In the United States, nephroblastoma (Wilms tumor) is the most common primary malignant renal tumor in the pediatric age group. The peak incidence of this neoplasm is between 2 and 5 years of age, with approximately 95% of cases occurring before the age of 10. In close to 10% of cases, WT arises in association with three syndromes: WAGR (Wilms tumor, Aniridia, Genital anomalies, and intellectual disability [formerly referred to as mental Retardation]) syndrome, Denys–Drash syndrome (gonadal dysgenesis and early onset nephropathy), and Beckwith–Wiedemann syndrome (organomegaly, macroglossia, hemihypertrophy, omphalocele, and adrenal cytomegaly). Although WT usually presents as a painless abdominal mass, in close to a third of cases, the clinical presentation may include anorexia, pain, and vomiting. In some patients (especially young children), renal masses can be detected by palpation.

Grossly, WT usually presents as a single well-circumscribed mass with a pseudocapsule. Multifocal and bilateral tumors are seen in less than 10% of patients. The cut surface is lobulated, pale gray or pink, soft, and friable. Common findings include hemorrhage, necrosis, calcification, and cystic change. Extension into the renal pelvis and ureter can be seen, and invasion of the renal vein is often identified.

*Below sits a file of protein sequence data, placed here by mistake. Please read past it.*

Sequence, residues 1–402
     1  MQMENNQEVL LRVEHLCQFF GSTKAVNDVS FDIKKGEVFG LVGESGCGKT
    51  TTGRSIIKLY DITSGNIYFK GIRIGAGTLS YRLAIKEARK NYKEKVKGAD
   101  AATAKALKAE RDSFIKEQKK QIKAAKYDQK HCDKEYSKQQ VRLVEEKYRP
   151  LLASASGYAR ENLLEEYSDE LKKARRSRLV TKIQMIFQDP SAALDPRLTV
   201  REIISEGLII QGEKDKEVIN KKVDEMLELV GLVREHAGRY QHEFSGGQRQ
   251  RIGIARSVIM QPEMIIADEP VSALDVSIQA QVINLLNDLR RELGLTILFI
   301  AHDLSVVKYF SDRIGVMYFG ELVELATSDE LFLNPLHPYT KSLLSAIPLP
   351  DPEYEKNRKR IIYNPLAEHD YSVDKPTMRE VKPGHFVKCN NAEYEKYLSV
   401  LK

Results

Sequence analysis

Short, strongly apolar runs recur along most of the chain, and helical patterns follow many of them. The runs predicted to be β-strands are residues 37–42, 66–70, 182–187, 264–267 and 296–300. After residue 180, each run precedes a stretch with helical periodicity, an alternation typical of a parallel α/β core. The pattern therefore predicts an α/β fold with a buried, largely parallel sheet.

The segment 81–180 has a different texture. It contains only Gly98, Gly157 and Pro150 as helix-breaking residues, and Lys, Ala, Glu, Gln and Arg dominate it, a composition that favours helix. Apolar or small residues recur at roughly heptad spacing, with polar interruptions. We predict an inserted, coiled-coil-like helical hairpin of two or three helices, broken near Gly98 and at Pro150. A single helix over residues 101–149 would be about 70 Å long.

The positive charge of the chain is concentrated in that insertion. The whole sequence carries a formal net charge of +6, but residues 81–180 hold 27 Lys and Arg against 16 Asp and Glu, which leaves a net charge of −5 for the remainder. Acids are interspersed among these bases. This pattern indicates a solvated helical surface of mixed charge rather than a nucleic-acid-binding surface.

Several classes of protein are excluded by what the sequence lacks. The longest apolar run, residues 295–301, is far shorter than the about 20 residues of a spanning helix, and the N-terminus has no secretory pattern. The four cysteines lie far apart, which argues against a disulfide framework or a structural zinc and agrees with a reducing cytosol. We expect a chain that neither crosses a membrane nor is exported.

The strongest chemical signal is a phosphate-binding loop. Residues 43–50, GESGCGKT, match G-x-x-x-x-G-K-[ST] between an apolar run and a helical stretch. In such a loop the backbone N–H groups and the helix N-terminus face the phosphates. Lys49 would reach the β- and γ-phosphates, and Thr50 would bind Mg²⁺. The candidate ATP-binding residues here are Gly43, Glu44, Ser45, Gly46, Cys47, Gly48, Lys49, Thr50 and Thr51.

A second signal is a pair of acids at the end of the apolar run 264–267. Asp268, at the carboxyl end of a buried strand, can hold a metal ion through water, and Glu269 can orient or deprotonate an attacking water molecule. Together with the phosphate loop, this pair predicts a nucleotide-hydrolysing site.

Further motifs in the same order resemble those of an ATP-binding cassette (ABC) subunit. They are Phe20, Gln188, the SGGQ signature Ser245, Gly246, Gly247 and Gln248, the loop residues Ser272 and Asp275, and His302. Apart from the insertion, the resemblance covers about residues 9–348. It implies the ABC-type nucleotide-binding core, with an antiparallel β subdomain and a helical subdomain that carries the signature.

Microscopically, WT with classic triphasic components (blastemal, stromal, and epithelial cell types) are the most common (~40%); however, when a component predominates and accounts for more than two-thirds of the tumor, it is then classified accordingly. The blastema-predominant variant is the most common, and the stroma-predominant one is the rarest. Extensive sampling is required (at least one tissue section per cm of the largest dimension of the tumor) in order to characterize WT. The undifferentiated mesonephric blastemal cells are “small blue cells” with high nuclear-to-cytoplasmic ratios, coarse chromatin, and brisk mitotic activity. The blastemal component may be arranged in several patterns (including nodular, serpentine, and basaloid) and may be variably associated with a myxoid mesenchymal background.